Street cats in Shanghai: Why you should jog on
There’s an estimated 3 million stray cats in Shanghai. To put that in perspective, Armenia has less people. There’s quite literally a nation of stray cats living among us.
Fuxing Park is fast becoming my favorite jogging spot in the city. It’s a haven for the elderly and a practice ground for dancers, musicians, photographers and slow-moving tai chi sorts.
It’s also packed with stray cats. And here's where I fell privy to some bizarre initiation to Shanghai life: adopting a street cat. Well kitten, and I’ve been fostering. But let mine be a lesson, think twice before you take one of these fur balls home.
She was sodden, covered in flies and crying when I found her. With no mom in sight, after much deliberation I picked up the kitten and walked to my apartment, a mixture of adrenaline and self-righteousness pumping through my veins. Locals smiled as I passed, and I mistook what I now suspect was knowing amusement for hero-worship.
Within the hour and still in my running gear, I was at the vets. A check-up revealed the kitten was malnourished but otherwise OK. She was just 2 weeks old. Some medication, supplies and an eye-watering bill later, the orphan and I waited for a Didi.
As she fell asleep on my chest, the vet said: “Your heartbeat is comforting, she thinks you’re mom.” I melted. But as I bottle-fed her at 3am that morning, it dawned on me: When I asked about re-homing options, the vet talked in months while I talked in days.
Four months later and the kitten was fast becoming a cat. One with teeth and claws and some serious cattitude. To be honest, I have no experience with cats. Largely regarding them as a space where you might put a dog. But my allergy-stricken husband and I did everything we could to love and care for our kitten as we searched for her forever home. I played, petted, groomed and fed her, while he spent 16 weeks high on antihistamines, lost in cat tutorials on YouTube. Trouble is, when it comes to swiftly re-homing a stray cat, you can’t. Or at least, it isn’t easy.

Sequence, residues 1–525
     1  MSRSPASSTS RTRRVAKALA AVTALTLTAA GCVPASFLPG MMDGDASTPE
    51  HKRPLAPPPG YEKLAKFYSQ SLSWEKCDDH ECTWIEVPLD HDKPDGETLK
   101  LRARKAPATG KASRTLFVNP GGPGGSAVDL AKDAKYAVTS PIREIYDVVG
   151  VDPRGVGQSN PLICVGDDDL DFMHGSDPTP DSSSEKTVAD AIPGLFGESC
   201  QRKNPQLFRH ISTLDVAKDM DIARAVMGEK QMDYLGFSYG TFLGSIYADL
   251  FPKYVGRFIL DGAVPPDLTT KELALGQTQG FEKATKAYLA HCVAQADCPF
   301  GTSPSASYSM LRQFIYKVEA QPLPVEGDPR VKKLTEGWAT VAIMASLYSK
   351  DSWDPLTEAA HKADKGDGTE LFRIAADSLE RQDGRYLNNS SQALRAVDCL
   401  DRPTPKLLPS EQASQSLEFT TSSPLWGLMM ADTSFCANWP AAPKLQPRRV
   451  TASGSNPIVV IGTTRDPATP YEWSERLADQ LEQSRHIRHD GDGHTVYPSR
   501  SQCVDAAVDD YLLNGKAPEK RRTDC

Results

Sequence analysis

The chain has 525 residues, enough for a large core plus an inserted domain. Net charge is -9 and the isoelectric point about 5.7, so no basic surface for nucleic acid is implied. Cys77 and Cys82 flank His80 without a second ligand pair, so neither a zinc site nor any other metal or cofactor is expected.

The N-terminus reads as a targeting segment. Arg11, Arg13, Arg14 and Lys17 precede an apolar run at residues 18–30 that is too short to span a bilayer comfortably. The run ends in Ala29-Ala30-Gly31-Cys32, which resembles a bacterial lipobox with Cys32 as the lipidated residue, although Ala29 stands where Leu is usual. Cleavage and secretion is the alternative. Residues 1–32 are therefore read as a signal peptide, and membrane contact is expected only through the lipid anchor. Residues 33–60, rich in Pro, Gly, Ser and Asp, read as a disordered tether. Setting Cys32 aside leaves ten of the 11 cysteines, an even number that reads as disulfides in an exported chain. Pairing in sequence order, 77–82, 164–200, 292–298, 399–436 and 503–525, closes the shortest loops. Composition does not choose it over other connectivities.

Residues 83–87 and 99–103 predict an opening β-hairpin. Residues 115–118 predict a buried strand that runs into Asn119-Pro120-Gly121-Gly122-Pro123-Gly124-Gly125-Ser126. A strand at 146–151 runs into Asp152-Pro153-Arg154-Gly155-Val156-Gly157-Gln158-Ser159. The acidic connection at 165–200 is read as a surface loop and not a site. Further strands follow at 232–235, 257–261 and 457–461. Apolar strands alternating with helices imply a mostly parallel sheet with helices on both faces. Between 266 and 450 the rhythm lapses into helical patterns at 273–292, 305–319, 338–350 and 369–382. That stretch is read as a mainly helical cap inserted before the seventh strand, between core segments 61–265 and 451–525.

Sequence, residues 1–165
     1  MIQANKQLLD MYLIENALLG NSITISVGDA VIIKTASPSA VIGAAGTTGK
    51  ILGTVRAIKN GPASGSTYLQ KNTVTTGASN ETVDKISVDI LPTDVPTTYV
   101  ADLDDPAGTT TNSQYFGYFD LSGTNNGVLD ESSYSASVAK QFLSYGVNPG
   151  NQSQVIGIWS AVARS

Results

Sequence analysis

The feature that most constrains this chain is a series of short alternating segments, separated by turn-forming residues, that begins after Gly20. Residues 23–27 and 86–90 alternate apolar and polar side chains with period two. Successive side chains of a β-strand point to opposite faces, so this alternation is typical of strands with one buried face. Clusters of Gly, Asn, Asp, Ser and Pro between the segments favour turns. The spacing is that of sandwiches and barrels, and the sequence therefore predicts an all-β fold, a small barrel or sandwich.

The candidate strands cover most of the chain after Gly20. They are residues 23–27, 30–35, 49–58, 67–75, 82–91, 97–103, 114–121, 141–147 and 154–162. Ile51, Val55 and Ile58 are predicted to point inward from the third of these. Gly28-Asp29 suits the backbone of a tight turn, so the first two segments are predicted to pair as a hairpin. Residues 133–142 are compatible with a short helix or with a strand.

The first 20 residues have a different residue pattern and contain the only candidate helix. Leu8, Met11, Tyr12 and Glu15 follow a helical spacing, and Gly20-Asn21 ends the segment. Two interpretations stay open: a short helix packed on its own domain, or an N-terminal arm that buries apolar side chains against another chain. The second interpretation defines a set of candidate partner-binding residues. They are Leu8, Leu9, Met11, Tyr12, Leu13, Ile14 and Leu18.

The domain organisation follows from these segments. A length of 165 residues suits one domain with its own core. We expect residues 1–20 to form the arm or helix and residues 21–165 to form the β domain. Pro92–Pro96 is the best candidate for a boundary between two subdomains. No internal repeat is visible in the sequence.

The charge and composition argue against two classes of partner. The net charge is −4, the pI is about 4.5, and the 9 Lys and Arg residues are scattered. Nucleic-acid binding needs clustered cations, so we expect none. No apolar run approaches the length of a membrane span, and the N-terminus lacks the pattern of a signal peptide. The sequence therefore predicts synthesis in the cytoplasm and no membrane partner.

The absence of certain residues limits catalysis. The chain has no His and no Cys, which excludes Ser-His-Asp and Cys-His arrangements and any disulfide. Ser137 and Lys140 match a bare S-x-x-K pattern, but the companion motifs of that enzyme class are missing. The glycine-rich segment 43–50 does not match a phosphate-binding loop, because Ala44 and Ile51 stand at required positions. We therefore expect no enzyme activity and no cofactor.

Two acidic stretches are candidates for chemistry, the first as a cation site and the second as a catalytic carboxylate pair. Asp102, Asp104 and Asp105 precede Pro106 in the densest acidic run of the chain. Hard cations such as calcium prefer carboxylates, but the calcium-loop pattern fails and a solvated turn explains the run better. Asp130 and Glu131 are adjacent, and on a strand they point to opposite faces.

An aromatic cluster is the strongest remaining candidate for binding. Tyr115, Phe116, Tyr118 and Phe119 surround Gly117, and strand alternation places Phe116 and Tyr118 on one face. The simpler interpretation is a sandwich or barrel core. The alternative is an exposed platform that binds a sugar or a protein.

There are some heroic pet rescue organizations in Shanghai. But an imbalance between the number of strays versus foster homes and funding means there’s no guarantee of help. What’s more, speak with people about your furry tenant and you’ll soon find you’re in good company. A fact in itself that’s generated groups of big-hearted volunteers, willing to spread the word to get your stray housed.
But with millions of strays to speak of, and a city of animal-loving softies inclined to pick one up, there’s only so much anyone can do. Controversial in some communities, local residents strike a balance. Akin to soup-kitchens for cats, many lay out kibble and lovingly tend to the needs of strays in their neighbourhood. Turns out, I’m not the only caped cat-crusader in Shanghai.
And while none of this means I regret my decision, or that I’d encourage you to make a different one, it has been an eye-opener. As for the orphan, her name is Lunar. Through the sorcery of WeChat, we eventually found her a loving home with Diane, David and their delightful dog Millie. A purrfect ending for all.
But be warned. Should you hear the desperate cry of a lone kitten, before taking it home be certain you’re prepared to co-inhabit for the foreseeable future.
If you’re not, I highly suggest you jog on.
How to help
Concerned for stray cats in your community but can’t commit to a forever home? Lee-Anne Armstrong, executive director of Second Chance Animal Aid, has some top tips on how to help.
If you don’t want to adopt or rescue and re-home a needy animal on your own, there are still many ways you can lend support:
• Volunteer to foster a rescue, whose care and homing is handled by a welfare organization like SCAA.
• Support rescued animal vet care through donations to organizations and individual rescuers who are transparent with their costs.
• Do trap-neuter-return of the cats in your area and follow up with feeding and monitoring. Check out Blue Ribbon Volunteer Society or Feline Fix Shanghai for details.
• Support community TNR efforts with donations and/or feeding a TNR colony.
• Use social media to share pleas for fostering, adoption and financial support from animal welfare organizations and individual rescuers. This helps reach more animal lovers in the community that are able to offer hands-on support.
Follow SCAA’s WeChat account: SCAAShanghai
In addition to SCAA, check out 11th Hour Rescues, Furry Friends Rescue, Jaiya’s Animal Rescue and Shanghai Animal Rescue. See individual websites for details.